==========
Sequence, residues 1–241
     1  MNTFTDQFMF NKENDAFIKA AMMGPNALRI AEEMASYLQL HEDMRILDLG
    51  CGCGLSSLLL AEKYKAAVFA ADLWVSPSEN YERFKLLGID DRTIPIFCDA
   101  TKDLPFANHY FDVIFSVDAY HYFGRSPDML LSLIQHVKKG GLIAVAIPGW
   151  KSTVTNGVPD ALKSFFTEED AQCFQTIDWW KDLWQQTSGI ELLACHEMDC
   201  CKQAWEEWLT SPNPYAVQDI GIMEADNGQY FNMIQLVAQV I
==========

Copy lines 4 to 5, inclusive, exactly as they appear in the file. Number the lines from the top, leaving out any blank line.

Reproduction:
   101  TKDLPFANHY FDVIFSVDAY HYFGRSPDML LSLIQHVKKG GLIAVAIPGW
   151  KSTVTNGVPD ALKSFFTEED AQCFQTIDWW KDLWQQTSGI ELLACHEMDC